How to guide

How to end the employment relationship in a fair manner based on the employee’s conduct

 

In the guide on “How to manage the employment relationship in a fair manner where the employee’s behaviour requires addressing”, guidelines are provided on how to manage cases of less serious acts of misconduct and more serious acts of misconduct. In the case of more serious misconduct, it was recommended that an investigation be conducted to:

  • Determine whether there are grounds for taking action against the employee;
  • Find facts which support the allegations against the employee; and
  • Determine whether the facts are likely to stand up at a disciplinary hearing.

 

Where an investigation confirms alleged serious misconduct where dismissal could be an outcome, a disciplinary hearing should be convened. This could be a formal or informal hearing.

How to manage the employment relationship where the employee’s behaviour requires addressing (misconduct)

What does the law say about a fair dismissal?

 

The Labour Relations Act 66 of 1995 (LRA)

Section 188 (1) (a) and (b) of the LRA states that an employer who dismisses an employee for a reason based on the employee’s conduct, will have to prove that such a dismissal was a for a fair reason and was carried out in accordance with a fair procedure.

 

Simply put, in terms of the law:

  • There must be a fair and valid reason for dismissing an employee (this is referred to as substantive fairness); and
  • The employer must follow a fair procedure during this process (this is referred to as procedural fairness).

 

If either or both of these requirements are not met, the dismissal will be unfair.

 

Schedule 8 to the Labour Relations Act 66 of 1995, the Code of Good Practice: Dismissal (the Code)

 

In ensuring that a dismissal is fair, employers should refer to and be guided by:

  • The Code of good practice: Dismissal ;
  • Their own contract of employment or disciplinary code and procedures (if they have one); or
  • The procedures agreed to in a collective agreement (if there is one).

 

The CCMA guidelines on misconduct arbitration (CCMA guidelines)

 

The CCMA guidelines serve as a guide for CCMA arbitrators when they are deciding on the fairness of a dismissal disputes referred to the CCMA. They serve as a useful guide to employers embarking on disciplinary action for misconduct.

The guidelines will give guidance to employers on factors to consider when dealing with discipline in the workplace, what they can expect from arbitration proceedings, and how to prepare for arbitration.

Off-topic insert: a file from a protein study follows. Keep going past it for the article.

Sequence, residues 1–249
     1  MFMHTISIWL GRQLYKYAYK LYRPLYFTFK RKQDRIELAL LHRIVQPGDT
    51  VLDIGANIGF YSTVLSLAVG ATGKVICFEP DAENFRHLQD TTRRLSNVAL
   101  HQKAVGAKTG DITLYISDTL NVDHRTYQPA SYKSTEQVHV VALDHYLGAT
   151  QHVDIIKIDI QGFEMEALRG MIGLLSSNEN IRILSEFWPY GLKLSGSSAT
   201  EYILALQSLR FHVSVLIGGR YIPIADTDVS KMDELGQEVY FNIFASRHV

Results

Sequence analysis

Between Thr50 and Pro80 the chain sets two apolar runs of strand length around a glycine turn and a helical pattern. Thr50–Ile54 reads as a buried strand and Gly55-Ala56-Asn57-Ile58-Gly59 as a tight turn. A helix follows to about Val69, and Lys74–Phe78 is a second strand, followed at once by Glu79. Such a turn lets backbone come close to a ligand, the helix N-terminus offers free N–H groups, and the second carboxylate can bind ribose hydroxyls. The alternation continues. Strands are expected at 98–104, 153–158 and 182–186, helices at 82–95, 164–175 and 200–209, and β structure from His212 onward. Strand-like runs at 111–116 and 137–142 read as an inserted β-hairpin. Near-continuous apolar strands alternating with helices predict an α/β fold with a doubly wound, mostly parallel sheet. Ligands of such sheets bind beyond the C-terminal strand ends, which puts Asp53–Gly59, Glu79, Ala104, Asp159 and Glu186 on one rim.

What is a fair reason for dismissing an employee based on his/her conduct (Substantive fairness)?

 

Item 7 of the Code sets out factors that should be considered when determining whether or not a dismissal for misconduct is based on a fair reason. The same factors should therefore be considered by the person chairing an internal disciplinary hearing or conducting and considering the outcome of a disciplinary investigation:

  • Whether the employee broke a rule or standard regulating conduct in the workplace.
  • Whether the rule or standard was valid or reasonable.
  • Whether the employee was aware of or could have been reasonably expected to be aware of the rule or standard.
  • Whether the employer has been consistent in applying the rule or standard.
  • Whether dismissal is the appropriate sanction for contravention of the rule or standard.

 

The following enquiry should be carried out by an employer:

 

a) Is there a Rule?
A rule or standard is often contained in a disciplinary code, collective agreement or written policy.  Where these do not exist, the existence of the rule may be proved by the testimony of a witness, from the contract of employment, legislation or universal rules that are commonly known.

Universal rules include:

  • Duties relating to performance, e.g. the duty to work, to keep time, and to comply with lawful and reasonable instructions.
  • Duties relating to good order, e.g. the duty to co-operate, to respect co-employees, not to assault or harass co-employees and not to disrupt the business.
  • Duties relating to trust, e.g. the duty not to be dishonest or to undermine the employer’s business or reputation.

 

b) Was the employee aware of the rule?
In the absence of a disciplinary code, contract of employment provisions or policy which is known to the employee, the employer will need to provide evidence of past practice of which the employee was aware or show that the employee could reasonably be expected to know that his/her conduct was unacceptable.  Where there is no written disciplinary code, contract or policy, it is necessary to establish whether the employee could reasonably be expected to have known of the rule or standard.  It may also be that the rule or standard is so well known or established that it is not necessary for an employer to communicate it, for example in the case of theft.